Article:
The human actions and motivations have been an issue which philosophers argued on. Several ethical theories were proposed in order to justify or explain the human actions. We can justify the human actions by claiming normativity “what one ought to do” and I can explain by claiming descriptive ethics “what one does do”. The explanatory claims are descriptive in position in which they present principles that can’t be broken like sociology and laws of science, while normative claims are justificatory in position that explains in a sense “one ought” thus generating duties. For this, three arguments for egoism were presented: The Psychological egoism, the ethical egoism or common sense morality in disguise and the rational egoism.
Ethical theories are theories that assigns fundamental role to self-interest. This fundamental role can be explanatory or justificatory. Rational egoism states that any act is rational if and only if it serves self-interest. It doesn’t say anything about moral acts, making it a non-moral theory.
Ethical egoism states that an act is good if and only if it serves self-interest. It is a normative theory holding that people ought to do what is in their self- interest
The problem with ethical egoism is that it doesn’t match our common sense morality, this can be explained by the following: Normally, people decide which moral theory is right depending on their moral intuitions and on their ethical judgments and in return,...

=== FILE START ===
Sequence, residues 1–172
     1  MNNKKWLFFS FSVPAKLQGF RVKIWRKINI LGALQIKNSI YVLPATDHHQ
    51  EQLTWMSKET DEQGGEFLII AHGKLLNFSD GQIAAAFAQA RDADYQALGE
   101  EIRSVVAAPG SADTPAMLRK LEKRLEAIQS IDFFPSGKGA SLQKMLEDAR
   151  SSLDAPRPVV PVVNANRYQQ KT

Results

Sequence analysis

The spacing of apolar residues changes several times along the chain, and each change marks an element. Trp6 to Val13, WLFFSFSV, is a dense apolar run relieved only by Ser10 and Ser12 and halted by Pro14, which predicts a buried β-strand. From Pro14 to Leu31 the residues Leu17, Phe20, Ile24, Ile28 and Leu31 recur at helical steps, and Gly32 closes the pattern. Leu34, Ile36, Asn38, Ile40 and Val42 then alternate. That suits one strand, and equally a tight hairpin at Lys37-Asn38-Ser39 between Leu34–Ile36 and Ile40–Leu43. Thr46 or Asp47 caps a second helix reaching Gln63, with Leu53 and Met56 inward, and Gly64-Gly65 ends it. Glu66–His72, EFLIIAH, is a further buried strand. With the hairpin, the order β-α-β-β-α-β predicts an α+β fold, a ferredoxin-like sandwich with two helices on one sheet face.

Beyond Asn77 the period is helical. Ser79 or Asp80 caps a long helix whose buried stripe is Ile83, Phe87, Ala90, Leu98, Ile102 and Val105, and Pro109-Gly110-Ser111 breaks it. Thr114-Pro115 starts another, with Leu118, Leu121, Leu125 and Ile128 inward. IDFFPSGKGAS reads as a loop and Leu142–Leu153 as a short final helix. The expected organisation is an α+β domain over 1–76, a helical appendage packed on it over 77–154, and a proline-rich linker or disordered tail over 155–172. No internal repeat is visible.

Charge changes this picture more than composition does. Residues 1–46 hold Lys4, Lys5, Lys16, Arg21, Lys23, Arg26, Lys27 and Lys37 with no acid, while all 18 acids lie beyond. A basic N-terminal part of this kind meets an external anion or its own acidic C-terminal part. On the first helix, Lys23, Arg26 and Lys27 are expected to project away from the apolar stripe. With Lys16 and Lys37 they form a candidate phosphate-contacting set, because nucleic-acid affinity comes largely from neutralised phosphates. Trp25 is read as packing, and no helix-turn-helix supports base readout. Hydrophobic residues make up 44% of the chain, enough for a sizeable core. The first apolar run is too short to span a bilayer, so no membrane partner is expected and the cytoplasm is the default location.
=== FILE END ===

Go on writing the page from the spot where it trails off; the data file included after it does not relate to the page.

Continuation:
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As a conclusion, psychological egoism looks at human psychology and motivation and works in proving that all humans are egoistically motivated being against any other moral theory that includes altruistic or deontic behaviors. But this thesis has showed its weakness in self-sacrificing acts and being emasculated by answering that every action is egoistic from the perspective that every person do what he wanted to do making it trivially true. In this paper, I presented examples showing our egoism in our daily actions and shed the light on the weakness of the psychological egoism, offering a replacement of this theory called the predominant egoism.
Shaver, Robert. "Egoism.", The Stanford Encyclopedia of Philosophy (Winter 2010 Edition), Edward N. Zalta , 04 Nov. 2002. 28 Mar. 2014
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